As a boy, the young Chris Wilder wanted to be a neuroscientist, he would spend hours in his bedroom cutting out pictures of his favourite neuroscientists and pinning them on the wall. His dad told the young dreamer that his hopes were just pie in the sky and that he should instead focus on do what everyone in the town did and become a member of the long term unemployed.

But Chris was a strong willed boy and knew that in order to become the first northerner to go to university, he would have to work his socks off and pass his maths O Level. Being positive and bang at it and professional, Wilder studied with a passion. He consumed himself in his text books, he’d work late and get up early, just to study.

The day of the maths exam came and young Wilder felt confident that he’d done enough to pass. As the examiner told the students to turn over their papers, there was an audible gasp and faces all around him were ashen. Wilder set to work, putting into practice all he had learned. He finished way before everyone else, all those around him toiled. It was, he thought, easy.

But when he got his results, to his dismay, he had not read the question properly and he’d failed. It destroyed any chance he had of becoming a neuroscientist. From that day on, he promised never again under-think a problem.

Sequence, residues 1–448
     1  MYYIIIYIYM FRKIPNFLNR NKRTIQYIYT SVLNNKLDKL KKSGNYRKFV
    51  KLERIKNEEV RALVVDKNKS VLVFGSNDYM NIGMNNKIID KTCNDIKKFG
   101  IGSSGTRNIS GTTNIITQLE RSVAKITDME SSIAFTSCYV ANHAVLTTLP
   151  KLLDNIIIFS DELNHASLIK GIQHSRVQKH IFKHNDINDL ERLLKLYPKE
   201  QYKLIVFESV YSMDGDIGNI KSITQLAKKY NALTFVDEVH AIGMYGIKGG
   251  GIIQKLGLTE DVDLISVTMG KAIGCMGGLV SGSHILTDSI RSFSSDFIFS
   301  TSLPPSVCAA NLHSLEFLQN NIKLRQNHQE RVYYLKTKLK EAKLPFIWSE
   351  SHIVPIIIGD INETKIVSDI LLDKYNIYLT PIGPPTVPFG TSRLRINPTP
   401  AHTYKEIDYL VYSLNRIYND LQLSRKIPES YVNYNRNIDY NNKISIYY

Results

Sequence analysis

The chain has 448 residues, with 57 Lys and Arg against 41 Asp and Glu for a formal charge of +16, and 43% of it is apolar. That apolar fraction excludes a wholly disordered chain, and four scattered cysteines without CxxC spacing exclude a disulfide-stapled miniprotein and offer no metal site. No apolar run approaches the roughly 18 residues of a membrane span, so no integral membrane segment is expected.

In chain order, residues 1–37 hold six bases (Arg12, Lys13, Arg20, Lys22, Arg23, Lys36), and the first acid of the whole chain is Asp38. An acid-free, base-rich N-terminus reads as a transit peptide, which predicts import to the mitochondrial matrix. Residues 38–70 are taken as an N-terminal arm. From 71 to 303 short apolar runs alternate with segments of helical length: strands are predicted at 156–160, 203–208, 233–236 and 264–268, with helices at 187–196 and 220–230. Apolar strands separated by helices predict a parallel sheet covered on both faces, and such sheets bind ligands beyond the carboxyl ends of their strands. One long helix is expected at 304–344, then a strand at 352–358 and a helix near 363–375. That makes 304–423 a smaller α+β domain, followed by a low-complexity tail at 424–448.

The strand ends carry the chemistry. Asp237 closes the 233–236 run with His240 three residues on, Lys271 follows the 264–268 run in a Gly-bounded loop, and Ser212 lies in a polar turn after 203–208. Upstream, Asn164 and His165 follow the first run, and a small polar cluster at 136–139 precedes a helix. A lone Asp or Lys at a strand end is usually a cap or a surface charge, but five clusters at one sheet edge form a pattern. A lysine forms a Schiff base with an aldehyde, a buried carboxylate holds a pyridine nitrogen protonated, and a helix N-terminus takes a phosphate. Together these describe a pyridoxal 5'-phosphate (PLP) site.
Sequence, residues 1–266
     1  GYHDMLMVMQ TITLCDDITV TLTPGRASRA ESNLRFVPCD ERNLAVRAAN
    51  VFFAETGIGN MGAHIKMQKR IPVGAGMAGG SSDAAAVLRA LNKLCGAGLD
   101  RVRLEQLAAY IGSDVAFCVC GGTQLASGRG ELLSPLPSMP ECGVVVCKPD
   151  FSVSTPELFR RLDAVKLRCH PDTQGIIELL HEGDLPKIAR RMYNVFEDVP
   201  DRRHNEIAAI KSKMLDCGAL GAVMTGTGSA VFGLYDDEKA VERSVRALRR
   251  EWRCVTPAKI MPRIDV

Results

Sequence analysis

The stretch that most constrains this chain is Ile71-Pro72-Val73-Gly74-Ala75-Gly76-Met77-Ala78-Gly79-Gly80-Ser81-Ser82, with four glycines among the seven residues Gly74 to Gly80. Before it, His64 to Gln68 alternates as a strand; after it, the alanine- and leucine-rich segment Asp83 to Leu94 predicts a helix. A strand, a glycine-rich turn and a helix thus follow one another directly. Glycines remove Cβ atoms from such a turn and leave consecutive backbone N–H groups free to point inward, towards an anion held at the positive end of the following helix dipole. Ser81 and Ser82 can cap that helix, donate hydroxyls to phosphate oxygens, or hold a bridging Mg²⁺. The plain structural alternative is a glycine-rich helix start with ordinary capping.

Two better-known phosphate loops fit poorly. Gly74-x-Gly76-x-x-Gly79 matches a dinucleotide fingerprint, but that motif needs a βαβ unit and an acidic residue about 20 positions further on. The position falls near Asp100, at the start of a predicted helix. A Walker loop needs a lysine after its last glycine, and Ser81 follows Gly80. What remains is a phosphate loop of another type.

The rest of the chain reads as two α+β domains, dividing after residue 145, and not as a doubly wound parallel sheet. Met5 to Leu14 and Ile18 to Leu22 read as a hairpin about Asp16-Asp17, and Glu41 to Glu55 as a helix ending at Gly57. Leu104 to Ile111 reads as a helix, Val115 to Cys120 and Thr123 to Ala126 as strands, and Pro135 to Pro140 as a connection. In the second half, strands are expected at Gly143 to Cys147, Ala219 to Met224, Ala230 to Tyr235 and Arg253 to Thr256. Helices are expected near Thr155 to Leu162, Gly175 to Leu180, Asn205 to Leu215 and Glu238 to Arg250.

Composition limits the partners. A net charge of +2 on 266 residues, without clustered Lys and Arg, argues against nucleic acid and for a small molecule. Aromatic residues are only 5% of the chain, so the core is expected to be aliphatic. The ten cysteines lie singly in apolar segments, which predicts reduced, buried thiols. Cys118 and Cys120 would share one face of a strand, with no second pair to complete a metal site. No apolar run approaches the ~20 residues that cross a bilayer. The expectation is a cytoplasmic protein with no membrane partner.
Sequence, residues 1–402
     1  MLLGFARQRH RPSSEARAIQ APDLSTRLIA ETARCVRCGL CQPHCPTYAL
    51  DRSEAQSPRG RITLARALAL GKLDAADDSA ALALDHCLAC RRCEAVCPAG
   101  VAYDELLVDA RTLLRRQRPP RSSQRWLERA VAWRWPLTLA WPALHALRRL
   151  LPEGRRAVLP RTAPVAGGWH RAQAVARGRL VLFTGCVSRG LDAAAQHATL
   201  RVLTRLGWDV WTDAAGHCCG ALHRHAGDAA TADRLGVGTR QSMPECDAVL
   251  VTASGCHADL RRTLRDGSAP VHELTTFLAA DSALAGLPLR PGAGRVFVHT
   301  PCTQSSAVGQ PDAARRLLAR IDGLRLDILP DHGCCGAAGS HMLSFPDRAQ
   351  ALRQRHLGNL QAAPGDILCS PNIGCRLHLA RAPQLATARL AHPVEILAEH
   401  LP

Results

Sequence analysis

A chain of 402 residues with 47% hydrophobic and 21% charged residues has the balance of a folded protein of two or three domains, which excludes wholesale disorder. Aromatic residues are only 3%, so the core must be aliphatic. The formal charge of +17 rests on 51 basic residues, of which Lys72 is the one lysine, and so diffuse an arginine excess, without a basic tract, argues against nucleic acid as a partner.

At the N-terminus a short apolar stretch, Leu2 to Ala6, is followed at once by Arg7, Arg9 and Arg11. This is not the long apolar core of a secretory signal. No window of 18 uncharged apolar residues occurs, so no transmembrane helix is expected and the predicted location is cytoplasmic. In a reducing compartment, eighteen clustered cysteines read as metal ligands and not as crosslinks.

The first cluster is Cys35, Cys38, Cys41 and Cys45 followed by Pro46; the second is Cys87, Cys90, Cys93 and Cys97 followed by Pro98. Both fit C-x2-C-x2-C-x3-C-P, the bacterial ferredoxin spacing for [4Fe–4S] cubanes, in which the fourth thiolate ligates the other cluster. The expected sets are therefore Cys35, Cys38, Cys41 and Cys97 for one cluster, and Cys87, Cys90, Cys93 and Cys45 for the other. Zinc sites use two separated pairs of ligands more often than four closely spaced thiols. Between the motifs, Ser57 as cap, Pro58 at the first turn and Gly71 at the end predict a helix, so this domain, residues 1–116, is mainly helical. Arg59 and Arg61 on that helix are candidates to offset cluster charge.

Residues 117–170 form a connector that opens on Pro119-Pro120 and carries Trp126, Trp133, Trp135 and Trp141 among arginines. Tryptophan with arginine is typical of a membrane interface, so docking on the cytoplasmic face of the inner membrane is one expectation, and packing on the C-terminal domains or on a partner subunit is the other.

Fast forward several years, and to Saturday, and Lord Wilder was again faced with a key decision. Putting into practice the vow he made of that fateful day. He over analysed his big day because he was so desperate to please and impress. Oddly, his selection against Burton in the 1st round last year was similarly peculiar. This was the first time in football history that a team played with two left backs and two right backs in the same team (Purkiss, Batt, Tonkin and Kinniburgh). And there was no James Constable. Perhaps he has a theory about the FA Cup? Perhaps it is wrong.

This year, Asa Hall, who appears to be spending November raising money for Children In Need by playing in every conceivable position, played up front. Constable was missing, and Harry Worley dropped to the bench. We know what we’re good at, and should stick to that, sadly, sometimes Lord Wilder fails to keep it simple.

Then again, if you hurt the ones you love the most, then perhaps we’ve seen where Chris Wilder’s heart really is.

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